None of the data collected will be sold to third parties or used in targeted adds and it won't include user IDs, passwords, or a user's Facebook profile content, Facebook said. The company promised to keep all data "safe and secure."

Only users over 18 will be allowed to participate, and the program is just being rolled out in the United States and India to begin with, although Facebook said it will be expanded to other countries "over time."

Read more on the study here.


CYBER WIN: The House passed legislation by voice vote on Monday that would create "cyber incident response teams" at the Department of Homeland Security (DHS), which can be used to assist both government and private sector organizations after a data breach or other cyberattack.

The DHS Cyber Incident Response Teams Act would establish these teams within DHS's National Cybersecurity and Communications Integration Center, with the groups charged with providing assistance and support to "asset owners and operators" following a cyber incident. Private sector cyber experts would be allowed to be members of the teams.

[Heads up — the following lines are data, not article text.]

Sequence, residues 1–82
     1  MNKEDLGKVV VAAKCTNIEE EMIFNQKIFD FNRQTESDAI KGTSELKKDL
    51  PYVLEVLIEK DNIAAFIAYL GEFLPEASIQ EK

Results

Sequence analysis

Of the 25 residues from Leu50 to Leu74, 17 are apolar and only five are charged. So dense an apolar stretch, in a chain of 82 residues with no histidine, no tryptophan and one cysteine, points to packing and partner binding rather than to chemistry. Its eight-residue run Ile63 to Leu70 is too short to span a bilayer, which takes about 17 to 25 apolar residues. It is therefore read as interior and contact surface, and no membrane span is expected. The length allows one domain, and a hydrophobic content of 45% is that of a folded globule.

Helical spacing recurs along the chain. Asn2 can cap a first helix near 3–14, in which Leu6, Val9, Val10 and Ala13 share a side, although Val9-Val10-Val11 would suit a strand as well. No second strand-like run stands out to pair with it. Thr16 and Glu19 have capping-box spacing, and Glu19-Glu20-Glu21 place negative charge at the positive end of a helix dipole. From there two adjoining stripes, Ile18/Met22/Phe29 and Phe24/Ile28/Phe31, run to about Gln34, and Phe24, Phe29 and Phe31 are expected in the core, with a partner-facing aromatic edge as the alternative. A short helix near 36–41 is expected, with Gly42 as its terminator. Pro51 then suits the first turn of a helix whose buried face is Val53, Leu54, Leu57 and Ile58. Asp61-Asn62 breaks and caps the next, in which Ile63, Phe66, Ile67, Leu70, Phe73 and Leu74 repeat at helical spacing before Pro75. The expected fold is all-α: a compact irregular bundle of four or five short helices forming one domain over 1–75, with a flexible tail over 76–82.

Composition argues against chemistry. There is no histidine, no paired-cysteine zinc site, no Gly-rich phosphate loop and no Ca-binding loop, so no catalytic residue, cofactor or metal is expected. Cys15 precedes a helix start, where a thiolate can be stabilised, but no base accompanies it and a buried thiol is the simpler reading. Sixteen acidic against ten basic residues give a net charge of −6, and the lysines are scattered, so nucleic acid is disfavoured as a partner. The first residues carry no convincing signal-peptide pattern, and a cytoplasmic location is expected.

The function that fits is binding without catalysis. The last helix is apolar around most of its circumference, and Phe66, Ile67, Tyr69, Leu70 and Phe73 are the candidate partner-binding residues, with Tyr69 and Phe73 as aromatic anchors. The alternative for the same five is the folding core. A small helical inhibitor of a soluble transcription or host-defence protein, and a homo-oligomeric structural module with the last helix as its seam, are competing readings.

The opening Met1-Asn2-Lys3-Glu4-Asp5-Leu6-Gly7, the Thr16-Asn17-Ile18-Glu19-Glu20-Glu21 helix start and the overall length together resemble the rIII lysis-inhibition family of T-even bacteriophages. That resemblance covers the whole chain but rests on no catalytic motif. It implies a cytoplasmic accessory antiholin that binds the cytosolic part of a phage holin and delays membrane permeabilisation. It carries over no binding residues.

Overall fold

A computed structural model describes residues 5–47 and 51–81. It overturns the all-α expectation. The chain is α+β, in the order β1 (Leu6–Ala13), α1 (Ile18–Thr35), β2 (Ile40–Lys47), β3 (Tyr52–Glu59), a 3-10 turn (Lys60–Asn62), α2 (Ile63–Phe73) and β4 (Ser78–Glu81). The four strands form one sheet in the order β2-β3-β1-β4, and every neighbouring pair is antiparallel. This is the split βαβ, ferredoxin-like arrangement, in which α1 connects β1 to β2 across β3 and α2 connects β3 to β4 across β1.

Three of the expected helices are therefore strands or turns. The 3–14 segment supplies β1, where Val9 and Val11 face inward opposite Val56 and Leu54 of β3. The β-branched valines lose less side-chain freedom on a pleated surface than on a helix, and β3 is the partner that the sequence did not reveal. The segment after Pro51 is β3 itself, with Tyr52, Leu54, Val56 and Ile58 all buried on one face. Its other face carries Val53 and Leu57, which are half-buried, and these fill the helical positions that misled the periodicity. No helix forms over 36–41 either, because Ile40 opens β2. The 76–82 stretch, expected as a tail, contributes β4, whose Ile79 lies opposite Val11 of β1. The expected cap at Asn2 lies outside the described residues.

The bill's primary sponsor, House Foreign Affairs Committee ranking member Michael McCaulMichael Thomas McCaulTexas GOP congressman calls on governor to postpone execution of Rodney Reed House Republicans add Hunter Biden, whistleblower to impeachment hearing witness wish list Trump: Whistleblower 'must come forward' MORE (R-Texas), said in a statement following the bill's passage that the legislation will help foster "collaboration between the public and private sector," describing the cyber teams as "first responders" after an attack.

"When cyber-attacks occur, immediate expertise is needed to mitigate damage and ensure organizations are restored," McCaul said.

Read more here.


AN OP-ED TO CHEW ON: The devil is in the device, not the platform.


A LIGHTER CLICK: Today in tech policy.



This deepfake of Mark Zuckerberg tests Facebook's fake video policies. (Motherboard)

House Energy and Commerce chair hopes to introduce robocall bill draft next week. (Morning Consult)

YouTube CEO apologizes to LGBTQ community after outcry. (The Verge)

Most US mobile banking apps have security and privacy flaws, researchers say. (TechCrunch)